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About L.A.
Los Angeles in "The Green Book"
Green Book Cover, 1948, African American

From 1939 through 1966, this guidebook was indispensible for many African American visitors to the Los Angeles area and other major U.S. cities.

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Corona Virus Information

From the Los Angeles County Department of Public Health
In English, Chinese, Spanish, Korean, Vietnamese.

Our Story in Pictures
African American Women Aircraft Assembler, Los Angeles, Circa 1939-1945

Photo from the Security Pacific National Bank Collection at the Los Angeles Public Library

Circa 1939-1945. African American "Rosie the Riveter" at a Los Angeles area aircraft manufacturing plant during World War II. She was one of almost half a million American women among more than 2 million workers overall who built aircraft during the war. According to the Los Angeles Times, more than 10,000 African American families among many other families moved to Los Angeles for jobs in the war industry. As African American pilots flew combat aircraft in the war, African American workers helped to build them.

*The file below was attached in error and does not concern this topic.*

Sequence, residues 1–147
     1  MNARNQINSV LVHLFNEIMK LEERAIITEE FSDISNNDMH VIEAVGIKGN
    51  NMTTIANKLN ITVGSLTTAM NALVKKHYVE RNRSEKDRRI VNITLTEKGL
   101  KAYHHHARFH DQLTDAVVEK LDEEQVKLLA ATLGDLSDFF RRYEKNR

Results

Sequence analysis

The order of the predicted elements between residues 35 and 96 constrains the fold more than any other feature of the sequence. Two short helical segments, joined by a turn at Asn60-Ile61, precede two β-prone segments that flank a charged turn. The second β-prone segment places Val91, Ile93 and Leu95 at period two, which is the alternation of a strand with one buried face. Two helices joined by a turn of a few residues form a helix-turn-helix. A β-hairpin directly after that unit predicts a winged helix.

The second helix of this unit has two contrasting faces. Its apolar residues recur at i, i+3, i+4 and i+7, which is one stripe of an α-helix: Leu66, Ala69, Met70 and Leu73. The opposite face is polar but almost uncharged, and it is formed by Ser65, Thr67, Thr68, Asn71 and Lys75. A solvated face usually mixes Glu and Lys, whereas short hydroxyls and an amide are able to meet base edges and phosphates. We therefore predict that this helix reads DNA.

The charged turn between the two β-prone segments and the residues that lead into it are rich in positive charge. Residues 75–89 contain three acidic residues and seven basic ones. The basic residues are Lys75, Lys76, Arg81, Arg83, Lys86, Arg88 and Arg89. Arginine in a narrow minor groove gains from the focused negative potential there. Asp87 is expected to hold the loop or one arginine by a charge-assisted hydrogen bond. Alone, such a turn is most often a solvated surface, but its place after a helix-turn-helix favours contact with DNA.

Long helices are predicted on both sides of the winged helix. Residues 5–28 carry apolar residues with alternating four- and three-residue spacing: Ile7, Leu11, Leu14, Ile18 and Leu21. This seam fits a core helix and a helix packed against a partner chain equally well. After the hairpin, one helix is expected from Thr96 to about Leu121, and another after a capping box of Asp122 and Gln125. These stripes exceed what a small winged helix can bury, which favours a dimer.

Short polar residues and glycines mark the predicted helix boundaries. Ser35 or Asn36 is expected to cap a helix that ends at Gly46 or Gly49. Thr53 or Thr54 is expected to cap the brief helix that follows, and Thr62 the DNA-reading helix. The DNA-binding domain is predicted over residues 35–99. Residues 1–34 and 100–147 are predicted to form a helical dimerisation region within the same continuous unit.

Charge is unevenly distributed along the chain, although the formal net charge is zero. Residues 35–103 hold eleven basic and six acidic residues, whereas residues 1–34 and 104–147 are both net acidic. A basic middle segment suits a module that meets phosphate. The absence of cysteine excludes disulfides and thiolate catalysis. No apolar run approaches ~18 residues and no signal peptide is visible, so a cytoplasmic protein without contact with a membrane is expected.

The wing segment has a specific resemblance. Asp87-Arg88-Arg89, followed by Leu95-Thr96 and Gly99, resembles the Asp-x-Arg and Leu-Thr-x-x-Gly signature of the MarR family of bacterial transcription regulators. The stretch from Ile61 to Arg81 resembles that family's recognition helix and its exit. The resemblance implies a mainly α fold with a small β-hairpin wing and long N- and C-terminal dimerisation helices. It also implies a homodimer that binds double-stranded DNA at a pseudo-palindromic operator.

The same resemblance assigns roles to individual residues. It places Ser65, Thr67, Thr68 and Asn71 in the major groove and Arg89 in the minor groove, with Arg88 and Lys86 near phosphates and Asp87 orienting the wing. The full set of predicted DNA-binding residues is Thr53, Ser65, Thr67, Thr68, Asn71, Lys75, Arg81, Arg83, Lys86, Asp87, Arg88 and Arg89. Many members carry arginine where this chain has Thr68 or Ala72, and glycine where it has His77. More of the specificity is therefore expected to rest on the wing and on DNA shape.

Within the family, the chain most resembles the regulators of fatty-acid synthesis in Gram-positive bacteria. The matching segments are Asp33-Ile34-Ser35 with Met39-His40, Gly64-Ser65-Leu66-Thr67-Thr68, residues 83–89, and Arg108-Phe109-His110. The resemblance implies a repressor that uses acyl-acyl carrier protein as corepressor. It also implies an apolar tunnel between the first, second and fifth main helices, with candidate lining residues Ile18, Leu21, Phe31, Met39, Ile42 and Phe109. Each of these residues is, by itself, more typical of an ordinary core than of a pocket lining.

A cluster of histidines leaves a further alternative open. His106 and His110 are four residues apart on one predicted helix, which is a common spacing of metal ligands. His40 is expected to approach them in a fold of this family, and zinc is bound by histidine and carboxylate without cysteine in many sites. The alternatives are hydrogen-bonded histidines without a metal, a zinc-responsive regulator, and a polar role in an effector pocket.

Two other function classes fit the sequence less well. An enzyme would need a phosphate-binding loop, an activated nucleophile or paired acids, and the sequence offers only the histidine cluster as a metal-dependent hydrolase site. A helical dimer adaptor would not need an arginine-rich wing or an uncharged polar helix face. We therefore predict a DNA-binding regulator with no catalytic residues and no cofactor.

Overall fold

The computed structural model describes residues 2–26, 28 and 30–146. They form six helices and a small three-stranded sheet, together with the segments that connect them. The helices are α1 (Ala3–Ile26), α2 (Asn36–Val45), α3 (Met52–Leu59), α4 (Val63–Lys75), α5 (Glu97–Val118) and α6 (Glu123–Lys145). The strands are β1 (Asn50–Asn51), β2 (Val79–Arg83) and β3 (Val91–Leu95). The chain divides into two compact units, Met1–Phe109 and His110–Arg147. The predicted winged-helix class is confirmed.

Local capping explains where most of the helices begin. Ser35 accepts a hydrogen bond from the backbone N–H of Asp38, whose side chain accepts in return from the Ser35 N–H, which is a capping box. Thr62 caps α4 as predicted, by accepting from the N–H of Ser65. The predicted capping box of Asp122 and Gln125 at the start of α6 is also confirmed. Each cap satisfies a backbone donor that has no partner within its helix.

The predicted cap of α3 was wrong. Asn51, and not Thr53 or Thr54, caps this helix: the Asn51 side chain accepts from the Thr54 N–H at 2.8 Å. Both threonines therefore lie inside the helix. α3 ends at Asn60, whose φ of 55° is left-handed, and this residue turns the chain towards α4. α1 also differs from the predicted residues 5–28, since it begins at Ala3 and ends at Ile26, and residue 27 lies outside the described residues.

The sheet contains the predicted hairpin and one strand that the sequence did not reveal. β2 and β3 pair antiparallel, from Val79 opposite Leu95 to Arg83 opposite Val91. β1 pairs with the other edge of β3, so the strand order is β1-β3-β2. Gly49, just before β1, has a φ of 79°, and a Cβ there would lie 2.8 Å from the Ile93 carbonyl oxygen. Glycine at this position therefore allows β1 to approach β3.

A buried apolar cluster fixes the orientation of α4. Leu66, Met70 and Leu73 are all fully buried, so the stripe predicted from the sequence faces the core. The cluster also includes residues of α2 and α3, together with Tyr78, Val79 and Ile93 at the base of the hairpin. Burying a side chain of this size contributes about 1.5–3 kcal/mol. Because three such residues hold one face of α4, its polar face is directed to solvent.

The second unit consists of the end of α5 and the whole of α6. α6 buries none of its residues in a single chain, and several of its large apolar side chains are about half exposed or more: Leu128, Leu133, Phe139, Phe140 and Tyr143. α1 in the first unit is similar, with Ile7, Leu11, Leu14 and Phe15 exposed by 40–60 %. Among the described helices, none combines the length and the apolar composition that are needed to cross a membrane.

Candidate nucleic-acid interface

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Did You Know?
Portraits of Brothers Andres Pico and Pio Pico

The two most famous brothers in early Los Angeles history were of Indian, African and Spanish descent.

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L.A. Video
Paul Revere Williams - Pioneering African American Architect
Paul Revere Williams, Los Angeles, Architect

Paul Revere Williams was the first African American west of the Mississippi River to become a certified architect. Despite barriers due to his race, his achievements left a significant mark on the architectural landscape of Los Angeles.

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